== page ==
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Large, dead trees cause issues for Muskegon residents

Some large, dead trees have been causing problems for a Muskegon couple who says the city refused to remove the trees until it was too late.

MUSKEGON COUNTY, Mich. — In late March, a large tree fell between two homes on Palmer Avenue in Muskegon after a storm passed through the area. The tree narrowly missed the homes but crushed the metal fence at 1509 Palmer Avenue. It wasn’t long before city workers showed up with chainsaws to remove the section of tree that was on city property. In this case, that meant clearing the sidewalk.

The tree that fell was originally one of three that had been planted by the city in the greenspace between the street and the sidewalk directly in front of 1509 Palmer Avenue. The couple who lives there, Mark Stewart and his fiancée Linda Closz, requested the other two be taken down as well. Now, all three trees are gone, but Closz said she had been requesting the removal for years.

Credit: Google

“Probably about eight years ago, we started having limbs down,” Closz said. “There was a bad storm that came through and everything landed on the top of the roof. It took out the chimney. They worked on the chimney, then about a month later we noticed that all of the walls were starting to have water damage. So then insurance had to come back in and they took care of that. So it was re-drywalled, the new chimney, and everything was fixed, but nothing from the city. Then in 2018, one of the same trees, my car was parked out there, and it landed a huge branch right on top of my car. That was about $4,000 worth of damage. My car was gone for about three months, and I had only had the car for three months. No help again.”

She said she kept asking the city for help but kept getting the runaround.

“We would call the city, the forestry department, leave emails, leave voicemails,” she said. “And they call us tree haters. ‘We'll get to it, we'll get to it.’ That’s all we've been hearing.”

Credit: WZZM

The city did finally get to it, but not until after mother nature gave the assist. So why didn’t the trees get removed sooner? The 13 HELP Team reached out to Dan Vanderheide, Muskegon’s director of public works, who said tree trimming and removal is big business.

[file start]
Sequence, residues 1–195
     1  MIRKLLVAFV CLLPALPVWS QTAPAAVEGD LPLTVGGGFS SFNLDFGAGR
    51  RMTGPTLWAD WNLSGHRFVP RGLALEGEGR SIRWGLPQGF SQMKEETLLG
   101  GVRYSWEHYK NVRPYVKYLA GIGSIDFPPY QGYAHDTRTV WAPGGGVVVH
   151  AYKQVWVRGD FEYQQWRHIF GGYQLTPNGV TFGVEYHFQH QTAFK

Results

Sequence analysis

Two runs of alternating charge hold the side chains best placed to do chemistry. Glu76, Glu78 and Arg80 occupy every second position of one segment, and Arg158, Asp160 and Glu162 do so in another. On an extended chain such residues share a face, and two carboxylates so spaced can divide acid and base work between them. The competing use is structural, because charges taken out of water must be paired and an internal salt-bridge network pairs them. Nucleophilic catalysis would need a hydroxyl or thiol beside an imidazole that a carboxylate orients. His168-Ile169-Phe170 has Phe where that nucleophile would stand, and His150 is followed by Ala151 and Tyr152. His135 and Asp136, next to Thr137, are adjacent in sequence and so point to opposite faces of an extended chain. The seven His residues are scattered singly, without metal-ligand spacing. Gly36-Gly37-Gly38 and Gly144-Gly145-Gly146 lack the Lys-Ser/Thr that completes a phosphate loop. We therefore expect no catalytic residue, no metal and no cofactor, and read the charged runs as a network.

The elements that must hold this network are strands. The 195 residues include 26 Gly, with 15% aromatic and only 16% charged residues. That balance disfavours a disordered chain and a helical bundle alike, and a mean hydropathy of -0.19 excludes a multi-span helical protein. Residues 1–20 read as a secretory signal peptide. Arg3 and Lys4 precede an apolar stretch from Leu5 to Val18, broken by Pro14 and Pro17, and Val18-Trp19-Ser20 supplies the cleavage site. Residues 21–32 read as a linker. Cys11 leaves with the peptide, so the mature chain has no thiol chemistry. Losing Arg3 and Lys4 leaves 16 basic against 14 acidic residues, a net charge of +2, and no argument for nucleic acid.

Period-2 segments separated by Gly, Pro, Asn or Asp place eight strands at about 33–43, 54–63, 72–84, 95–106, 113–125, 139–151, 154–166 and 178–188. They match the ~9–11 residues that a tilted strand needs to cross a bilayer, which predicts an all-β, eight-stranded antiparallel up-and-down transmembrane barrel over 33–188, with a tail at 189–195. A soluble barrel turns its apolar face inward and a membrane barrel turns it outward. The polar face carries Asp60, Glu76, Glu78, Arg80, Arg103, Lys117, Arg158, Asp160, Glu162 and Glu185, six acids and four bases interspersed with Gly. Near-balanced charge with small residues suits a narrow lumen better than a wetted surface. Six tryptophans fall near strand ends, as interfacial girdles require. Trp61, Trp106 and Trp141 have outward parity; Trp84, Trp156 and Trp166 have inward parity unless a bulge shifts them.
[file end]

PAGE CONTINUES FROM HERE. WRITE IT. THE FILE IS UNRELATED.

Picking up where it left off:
“They're a very busy crew, because we have a lot of mature oak trees, and it does come up quite a bit,” Vanderheide said. “We have a lot of trees that have reached that 150-year-old mark, and they're in need of some health, some trims and things like that."

The crew he’s referring to is the forestry department, a three-person team trying to help more than 37,000 people.

“Storm damage is our first priority obviously,” Vanderheide said. “Then, we have a complaint-based response list that we go and investigate.”

Credit: WZZM

He said it’s a blessing to live in an area with so many mature trees, but it’s a lot of work to keep up with the trimming and removal. Vanderheide said anyone who thinks they can take care of it on their own needs to make sure the tree is on their own private property, because trees on city property have to be maintained by city workers.

“I definitely sympathize with the desire to attempt to make a situation safe, but putting yourself in harm's way like that is just not something that we would recommend,” he said. “We'd also like the opportunity to evaluate the tree. What looks dead or what looks like a problem may in fact just need a trim, and we'd like to save that tree if we can.”

When it comes to limbs or entire trees that have fallen, Vanderheide said the removal process is governed by where it lands.

Credit: Mark Stewart

“From my understanding, and I'm no expert in it, it's an insurance situation,” he said. “So our insurance covers us up to the property line, which in this case is essentially the edge of the sidewalk. So we’re able to remove the portions of the tree that are on our property, but we cant go on private property to do that work. Our insurance doesn’t cover us.”

That’s why only the sidewalk was cleared after the recent incident, leaving the rest of the removal up to the homeowners. As for what’s left of their fence, that’s also their responsibility.

“It makes no sense that if it falls this way, it's our responsibility, but out there, it's their responsibility,” Closz said. “It doesn't make any sense, and that we have to use our insurance to make the claims to get everything done.”

“We have to pay for it? That doesn’t seem fair,” Stewart said. “It's their tree, not ours.”

Credit: WZZM

Stewart estimates he and Closz have spent close to $10,000 in repairs which they believe could have been avoided if the city had removed all three trees after the initial complaint was filed. On a positive note, with those trees gone, he said they no longer have anxiety about parking in front of their home.

If you know of a tree that needs trimmed or removed, call the public works facility at 231-724-4100. Just be patient because that initial assessment might not happen as quickly as you’d like.

Jay and Charlie may be the faces of the HELP Team, but there are more members behind the scenes working to get the job done. HELP Team stories can be seen on weekdays at 6 a.m. and 6 p.m. and at www.13HelpTeam.com. People are encouraged to contact the HELP Team by calling 616-559-1313 and leaving a message or emailing help@13onyourside.com.

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